12 Tips to Keep Chicken Tender and Tasty
Last Updated: Sep 30, 2015
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Chicken is one of the most popular foods on plates in the United States today. In 2016, the average American consumed nearly 90 pounds of chicken! Poultry’s popularity is not surprising, due to its pleasing taste and versatility. Many forms are readily available, from comforting nuggets to healthful rotisserie-style chicken. What’s more, chicken contributes significantly lower greenhouse-gas emissions than beef, so it’s generally a preferred pick by the environmentally conscientious. There are plenty of preparation and cooking methods from which to choose too. Try these 12 top tips and tricks for tender and tasty chicken!
FRESHEST IS BEST
The fresher the chicken, the better-tasting it can be. For the best quality, cook with chicken that you pick up fresh on the day that you’re planning to prepare it. But if that’s not realistic for you, store fresh chicken in the coldest part of your refrigerator for up to two days. If it’s frozen, whole chicken can keep its quality for up to a year (chicken parts for nine months) when properly wrapped. Before using frozen chicken, be sure all parts of it are completely thawed in the fridge for the most even cooking results. And when ready to prepare any chicken, don’t let it hang out too long at room temperature. The safest bet is to cook it within one hour of it reaching your countertop for meal prep. Set a timer so you don’t forget.
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COOK TILL DONE, NOT OVERDONE
Due to concerns about salmonella, a foodborne illness associated with raw or undercooked chicken, some people tend to overcompensate. They may actually cook chicken so long that it becomes dried out, losing it natural lusciousness. Since chicken is lean, this can happen in just a few minutes of overcooking. So to make sure chicken is well done -- not under- or overcooked -- use a meat thermometer. The safe minimum internal temperature for chicken is 165 degrees Fahrenheit. But if you don’t have access to a meat thermometer, gently poke chicken with a fork: The juices should be clear, not pink.
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CHOOSE THE RIGHT COOKING METHOD FOR THE CUT OF CHICKEN
Chicken is a multitasker, so many cooking methods will work quite well with it. But some cuts lend themselves best to specific techniques. Dry-heat cooking, such as grilling, broiling, sauteing and roasting or baking, will give chicken a lovely brownness, which makes it extra tasty. But if you’re using a boneless, skinless chicken breast, skip the roasting because it may strip away its juiciness. Moist-heat cooking, such as poaching and stewing, can bring out full chicken flavors and keep it juicy. It works with most chicken parts, however, you might want to skip it if using whole chicken or wings. When it doubt, grill chicken. Grilling works with all cuts, with or without bones and/or skin. What’s the most versatile chicken part? The thigh -- it’ll be tender and tasty using any technique!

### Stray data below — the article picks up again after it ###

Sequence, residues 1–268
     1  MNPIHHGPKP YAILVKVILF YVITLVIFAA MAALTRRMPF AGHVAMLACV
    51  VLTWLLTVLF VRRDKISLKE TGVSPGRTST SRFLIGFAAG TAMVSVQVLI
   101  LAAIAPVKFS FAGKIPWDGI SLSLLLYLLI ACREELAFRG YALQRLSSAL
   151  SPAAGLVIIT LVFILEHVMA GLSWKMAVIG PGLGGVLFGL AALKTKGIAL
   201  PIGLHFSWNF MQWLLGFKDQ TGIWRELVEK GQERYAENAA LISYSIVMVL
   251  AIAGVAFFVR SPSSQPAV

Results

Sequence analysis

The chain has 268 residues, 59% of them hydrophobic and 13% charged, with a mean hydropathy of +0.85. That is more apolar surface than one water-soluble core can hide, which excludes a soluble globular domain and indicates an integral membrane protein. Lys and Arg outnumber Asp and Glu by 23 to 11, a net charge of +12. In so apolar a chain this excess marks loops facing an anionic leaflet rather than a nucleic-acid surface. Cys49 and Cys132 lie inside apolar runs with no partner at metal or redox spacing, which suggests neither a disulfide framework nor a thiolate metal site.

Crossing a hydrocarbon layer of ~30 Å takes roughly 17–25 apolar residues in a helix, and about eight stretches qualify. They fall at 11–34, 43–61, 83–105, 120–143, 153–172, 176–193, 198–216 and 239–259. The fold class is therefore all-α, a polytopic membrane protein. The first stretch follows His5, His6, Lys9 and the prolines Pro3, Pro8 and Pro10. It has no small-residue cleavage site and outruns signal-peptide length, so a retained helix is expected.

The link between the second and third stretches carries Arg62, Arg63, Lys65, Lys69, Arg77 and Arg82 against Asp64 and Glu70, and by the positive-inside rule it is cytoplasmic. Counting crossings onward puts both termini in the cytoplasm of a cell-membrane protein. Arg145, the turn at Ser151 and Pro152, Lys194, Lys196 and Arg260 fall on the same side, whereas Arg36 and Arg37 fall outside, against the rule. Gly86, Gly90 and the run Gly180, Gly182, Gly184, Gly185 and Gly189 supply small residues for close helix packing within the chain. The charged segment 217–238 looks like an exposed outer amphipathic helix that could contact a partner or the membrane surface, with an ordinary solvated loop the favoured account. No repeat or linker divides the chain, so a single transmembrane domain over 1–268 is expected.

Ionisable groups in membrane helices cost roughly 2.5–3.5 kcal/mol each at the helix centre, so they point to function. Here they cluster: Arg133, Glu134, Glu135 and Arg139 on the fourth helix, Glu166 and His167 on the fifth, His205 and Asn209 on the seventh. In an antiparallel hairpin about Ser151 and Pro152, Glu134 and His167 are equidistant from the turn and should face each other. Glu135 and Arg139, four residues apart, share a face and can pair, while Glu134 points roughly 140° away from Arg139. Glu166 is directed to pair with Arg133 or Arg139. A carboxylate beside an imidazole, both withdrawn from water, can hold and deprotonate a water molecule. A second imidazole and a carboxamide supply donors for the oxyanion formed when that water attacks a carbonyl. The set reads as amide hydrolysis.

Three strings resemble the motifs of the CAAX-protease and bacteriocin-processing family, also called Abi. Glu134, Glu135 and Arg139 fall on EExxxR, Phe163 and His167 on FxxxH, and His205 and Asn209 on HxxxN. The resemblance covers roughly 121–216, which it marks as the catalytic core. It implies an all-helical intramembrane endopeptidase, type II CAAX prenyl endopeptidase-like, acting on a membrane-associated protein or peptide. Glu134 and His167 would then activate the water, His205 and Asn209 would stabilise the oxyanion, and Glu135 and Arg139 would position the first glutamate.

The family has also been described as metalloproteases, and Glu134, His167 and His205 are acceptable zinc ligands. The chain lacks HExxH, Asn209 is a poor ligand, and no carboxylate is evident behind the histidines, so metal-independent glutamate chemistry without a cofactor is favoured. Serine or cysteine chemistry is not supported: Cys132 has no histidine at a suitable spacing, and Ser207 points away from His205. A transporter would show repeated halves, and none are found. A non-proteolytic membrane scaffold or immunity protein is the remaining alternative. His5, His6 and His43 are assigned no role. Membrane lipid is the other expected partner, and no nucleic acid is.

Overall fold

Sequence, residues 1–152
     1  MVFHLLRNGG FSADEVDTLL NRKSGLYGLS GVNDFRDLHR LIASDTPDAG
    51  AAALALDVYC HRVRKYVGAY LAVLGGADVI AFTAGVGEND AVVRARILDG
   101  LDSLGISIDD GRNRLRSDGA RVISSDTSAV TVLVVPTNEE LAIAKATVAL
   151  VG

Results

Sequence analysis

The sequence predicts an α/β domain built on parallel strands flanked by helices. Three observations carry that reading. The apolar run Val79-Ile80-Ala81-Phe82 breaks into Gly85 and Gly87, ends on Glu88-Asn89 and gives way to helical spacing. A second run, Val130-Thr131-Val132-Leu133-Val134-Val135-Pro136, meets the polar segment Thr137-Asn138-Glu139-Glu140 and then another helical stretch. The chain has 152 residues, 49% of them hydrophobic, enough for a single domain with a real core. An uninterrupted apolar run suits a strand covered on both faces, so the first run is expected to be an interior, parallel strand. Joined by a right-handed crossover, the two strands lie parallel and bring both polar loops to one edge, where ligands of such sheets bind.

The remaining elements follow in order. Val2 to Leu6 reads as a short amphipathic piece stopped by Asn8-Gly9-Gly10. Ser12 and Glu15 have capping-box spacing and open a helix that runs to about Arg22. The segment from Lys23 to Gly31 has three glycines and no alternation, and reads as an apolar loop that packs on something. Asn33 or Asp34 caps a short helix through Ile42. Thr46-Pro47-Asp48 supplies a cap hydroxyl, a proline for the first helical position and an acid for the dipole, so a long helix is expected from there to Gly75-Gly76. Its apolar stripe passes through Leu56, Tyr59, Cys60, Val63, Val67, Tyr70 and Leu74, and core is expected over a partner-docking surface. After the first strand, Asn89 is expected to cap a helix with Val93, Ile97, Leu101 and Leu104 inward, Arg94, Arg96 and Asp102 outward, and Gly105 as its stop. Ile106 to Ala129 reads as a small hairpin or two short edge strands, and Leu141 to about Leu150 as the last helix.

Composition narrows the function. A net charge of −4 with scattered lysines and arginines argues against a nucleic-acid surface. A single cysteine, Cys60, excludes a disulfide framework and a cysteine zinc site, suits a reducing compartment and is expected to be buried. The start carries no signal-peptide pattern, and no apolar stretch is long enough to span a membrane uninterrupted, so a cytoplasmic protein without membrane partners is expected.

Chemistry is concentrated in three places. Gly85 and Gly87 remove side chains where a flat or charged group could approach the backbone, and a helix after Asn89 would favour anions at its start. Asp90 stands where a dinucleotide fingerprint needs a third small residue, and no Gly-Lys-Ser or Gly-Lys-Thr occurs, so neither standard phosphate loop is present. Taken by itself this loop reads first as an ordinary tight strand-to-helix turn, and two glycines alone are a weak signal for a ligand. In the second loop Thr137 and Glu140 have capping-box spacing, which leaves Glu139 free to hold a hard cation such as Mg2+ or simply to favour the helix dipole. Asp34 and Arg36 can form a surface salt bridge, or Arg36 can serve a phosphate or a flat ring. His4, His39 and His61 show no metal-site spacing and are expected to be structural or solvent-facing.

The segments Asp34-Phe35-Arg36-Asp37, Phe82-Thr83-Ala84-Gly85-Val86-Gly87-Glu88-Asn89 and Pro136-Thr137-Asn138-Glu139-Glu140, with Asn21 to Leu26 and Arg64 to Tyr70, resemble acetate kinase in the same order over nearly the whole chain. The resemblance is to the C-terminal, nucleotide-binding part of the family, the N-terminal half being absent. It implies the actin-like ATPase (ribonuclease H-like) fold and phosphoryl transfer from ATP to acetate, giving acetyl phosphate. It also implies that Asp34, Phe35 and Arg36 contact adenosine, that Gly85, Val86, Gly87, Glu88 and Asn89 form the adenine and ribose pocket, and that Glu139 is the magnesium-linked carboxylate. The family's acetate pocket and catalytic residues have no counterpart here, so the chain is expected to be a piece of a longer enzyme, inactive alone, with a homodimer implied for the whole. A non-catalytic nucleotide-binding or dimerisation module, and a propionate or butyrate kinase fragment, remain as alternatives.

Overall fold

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PRACTICE THE THREE PS OF GRILLING: PREPARING, POUNDING AND POLITENESS
First, prepare the grill, lightly rubbing the grates with oil to help prevent lean chicken from sticking. Then heat the gas, charcoal or electric grill to medium-high for most chicken parts. If possible, plan to keep part of the grill at low heat. This area can ideally be used to place any pieces that have developed deep grill markings on the outside, but still need a little extra cooking on the inside. While all chicken parts are suitable for direct grilling, a favorite pick is boneless, skinless chicken breasts. Lightly pound them using a kitchen mallet to assure they each have the same thickness in all parts of the breast (this will prevent overcooking of the thinnest areas). Finally, don’t get carried away with too much flipping, squeezing or smashing chicken on the grill. This can lead to loss of juices, which ultimately causes dry chicken. Simply be polite to your poultry.
SEASON INSIDE, OUTSIDE AND UNDER THE SKIN WHEN ROASTING CHICKEN